14 octobre 2012

Movies History According to the USA

If you can spell "neo" and "new wave", namedrop "Spielberg", "Scorsese", "Coppola", "Tarantino", "PTA", "JLG", if you hate the intellectual elite and indulge in your own personal guilty pleasures, if you can make favourite lists and rate movies with a percentage, you're ready to publish in the NYT or Film Comment or any film page in the USA. Don't bother learning cinema history, or how to think critically cause you'll never have to defend your choices or refer to anything else beyond "Neorealism" and "The New Wave"... Make sure to regularly bash anything going on outside of the USA, like film festivals, festival films, and find everything non-Hollywood boring and slow. Don't read the foreign press, and stay at home watching TV instead of saving your arthouse circuit.
The hardest part is probably to synopsize movies every week without ever dealing with "Cinema" material, only treating each title as pure subjective entertainment, but many succeed, it is doable. Never use the word "Cinema", too elitist. Finally, if you see anybody attempt to open a debate about serious issues, make sure to shut it down right away, with raucous contempt and an air of desperate fatigue. Remember your target readership is the 13-to-24 yold spectacle consumer. Even the 24 yolds aren't adult, they're just regressive adulescents, so keep it simple and fun oriented. If it isn't fun reading, then how else could culture be possibly worth reading???

Hollywood has a short memory, they prefer we forget they made bad movies in the past, or not remember the ones they try to remake today (to get us to pay again for something that didn't work the last time). Sure, Hollywood is focused on making profits TODAY. Why should they care if silent films that are not restored are being lost for ever? These are not profitable items! So why bother? Even old Hollywood classics, aren't screened, or restored, or digitized today, because it would add low-profit titles into an already long list of yearly releases. The Hollywood motto is to save ALL commercial screens available for whatever the big studios put out NOW, so they can rack up the optimum opening weekend gross (take the money and run before the first viewers tell others how disappointing it was and ruin the buzz).

If we could understand the financial logic of selfish Hollywood (although a studio should also care about its past culture, or the cinema culture in general, selflessly, at least for a small part), it's harder to understand why movie reviewers would share the exact same imperatives as studio executives... American movie reviewers only care for whatever the American distribution market (i.e. Hollywood) feeds them. They only care for HERE AND NOW. They dread showing interest for something out of fashion already (like last week's release), and are bored by courageous artfilms that don't make B.O. money... If there is no stars, no fun, no surprising plot twists, no exciting edits... they don't care enough to make an effort, and shout it out loudly to show how demanding is the consumer.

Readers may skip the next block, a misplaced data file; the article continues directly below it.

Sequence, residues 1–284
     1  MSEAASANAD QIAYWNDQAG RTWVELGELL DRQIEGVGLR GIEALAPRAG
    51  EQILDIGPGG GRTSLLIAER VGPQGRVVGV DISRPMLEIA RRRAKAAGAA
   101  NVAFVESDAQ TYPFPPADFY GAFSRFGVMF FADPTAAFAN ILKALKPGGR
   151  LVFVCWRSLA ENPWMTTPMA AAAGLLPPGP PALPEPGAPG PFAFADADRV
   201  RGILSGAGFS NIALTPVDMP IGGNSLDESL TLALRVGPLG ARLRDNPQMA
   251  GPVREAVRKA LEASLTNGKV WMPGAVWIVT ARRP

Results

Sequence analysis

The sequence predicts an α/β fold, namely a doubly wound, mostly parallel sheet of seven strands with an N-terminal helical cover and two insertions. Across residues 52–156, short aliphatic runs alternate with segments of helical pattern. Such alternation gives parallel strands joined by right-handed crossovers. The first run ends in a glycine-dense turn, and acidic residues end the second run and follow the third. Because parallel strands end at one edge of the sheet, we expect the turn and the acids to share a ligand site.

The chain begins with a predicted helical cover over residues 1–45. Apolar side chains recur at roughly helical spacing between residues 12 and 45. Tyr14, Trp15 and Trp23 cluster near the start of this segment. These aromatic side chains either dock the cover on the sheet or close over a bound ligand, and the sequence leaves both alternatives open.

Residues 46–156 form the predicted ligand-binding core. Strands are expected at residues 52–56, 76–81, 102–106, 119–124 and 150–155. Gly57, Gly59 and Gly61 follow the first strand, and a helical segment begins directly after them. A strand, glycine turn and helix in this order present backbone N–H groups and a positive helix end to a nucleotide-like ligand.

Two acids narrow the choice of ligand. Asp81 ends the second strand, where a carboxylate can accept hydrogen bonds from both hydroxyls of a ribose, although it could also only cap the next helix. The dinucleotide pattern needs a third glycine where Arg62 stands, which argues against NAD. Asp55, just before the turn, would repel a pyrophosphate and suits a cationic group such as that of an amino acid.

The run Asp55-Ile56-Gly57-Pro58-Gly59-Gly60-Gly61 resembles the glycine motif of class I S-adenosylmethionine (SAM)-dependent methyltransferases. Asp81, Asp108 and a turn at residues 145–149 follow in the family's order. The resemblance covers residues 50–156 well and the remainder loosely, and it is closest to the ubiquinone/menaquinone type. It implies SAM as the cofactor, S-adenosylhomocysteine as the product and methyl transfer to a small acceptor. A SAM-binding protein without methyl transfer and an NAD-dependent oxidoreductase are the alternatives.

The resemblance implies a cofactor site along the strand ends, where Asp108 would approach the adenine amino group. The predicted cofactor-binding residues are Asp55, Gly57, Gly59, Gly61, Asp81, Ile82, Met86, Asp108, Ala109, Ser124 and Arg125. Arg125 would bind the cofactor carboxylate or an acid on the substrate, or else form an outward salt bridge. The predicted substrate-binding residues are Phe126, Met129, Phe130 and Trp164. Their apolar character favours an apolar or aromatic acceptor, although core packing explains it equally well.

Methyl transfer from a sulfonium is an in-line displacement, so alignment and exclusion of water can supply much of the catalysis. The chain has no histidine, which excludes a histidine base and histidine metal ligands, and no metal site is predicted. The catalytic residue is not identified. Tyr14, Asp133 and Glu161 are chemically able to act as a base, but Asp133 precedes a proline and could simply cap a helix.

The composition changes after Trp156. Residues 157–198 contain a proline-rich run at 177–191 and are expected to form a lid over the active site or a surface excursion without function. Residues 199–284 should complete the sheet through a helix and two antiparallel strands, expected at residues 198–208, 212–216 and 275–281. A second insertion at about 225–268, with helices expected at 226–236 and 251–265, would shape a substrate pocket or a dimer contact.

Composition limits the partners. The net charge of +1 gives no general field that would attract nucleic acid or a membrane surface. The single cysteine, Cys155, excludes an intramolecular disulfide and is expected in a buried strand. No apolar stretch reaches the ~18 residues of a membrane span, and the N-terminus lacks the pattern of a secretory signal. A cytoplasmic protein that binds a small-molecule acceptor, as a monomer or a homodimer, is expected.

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2 commentaires:

HarryTuttle a dit…

Things continue to get more and more spooky at the Blockbuster.
A Nightmare on Face Time (South Park; Season 16, Episode 12; 24 Oct 2012)

HarryTuttle a dit…

"Several industry groups, including the Academy of Motion Picture Arts and Sciences, which awards the Oscars, and the nonprofit American Film Institute, which supports cinema, are privately brainstorming about starting public campaigns to convince people that movies still matter.
That seemed self-evident only a few years ago. But the mood has turned wistful as people in the industry watch the momentum shift toward television. [..]
Films, while in theaters, live behind a pay wall; television is free, once the monthly subscription is paid. And at least since “The Sopranos” sophisticated TV series have learned to hook viewers on long-term character development; movies do that mostly in fantasy franchises like the “Twilight” series.
And a collapse in home video revenue, caused partly by piracy, drove film salaries down. Television, meanwhile, raised its pay, and attracted movie stars like Al Pacino, Dustin Hoffman, Laura Linney, Claire Danes and Sigourney Weaver. [..]
But the number of films released by specialty divisions of the major studios, which have backed Oscar winners like “Slumdog Millionaire,” from Fox Searchlight, fell to just 37 pictures last year, down 55 percent from 82 in 2002, according to the Motion Picture Association of America."
Movies Try to Escape Cultural Irrelevance (Michael Cieply; NYT; 28 Oct 2012)